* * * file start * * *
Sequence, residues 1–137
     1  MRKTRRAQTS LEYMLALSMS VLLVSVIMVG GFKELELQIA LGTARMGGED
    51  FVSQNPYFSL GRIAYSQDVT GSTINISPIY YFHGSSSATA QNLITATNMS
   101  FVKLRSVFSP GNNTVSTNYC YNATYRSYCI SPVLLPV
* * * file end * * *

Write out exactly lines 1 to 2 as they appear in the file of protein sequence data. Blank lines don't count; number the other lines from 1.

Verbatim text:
Sequence, residues 1–137
     1  MRKTRRAQTS LEYMLALSMS VLLVSVIMVG GFKELELQIA LGTARMGGED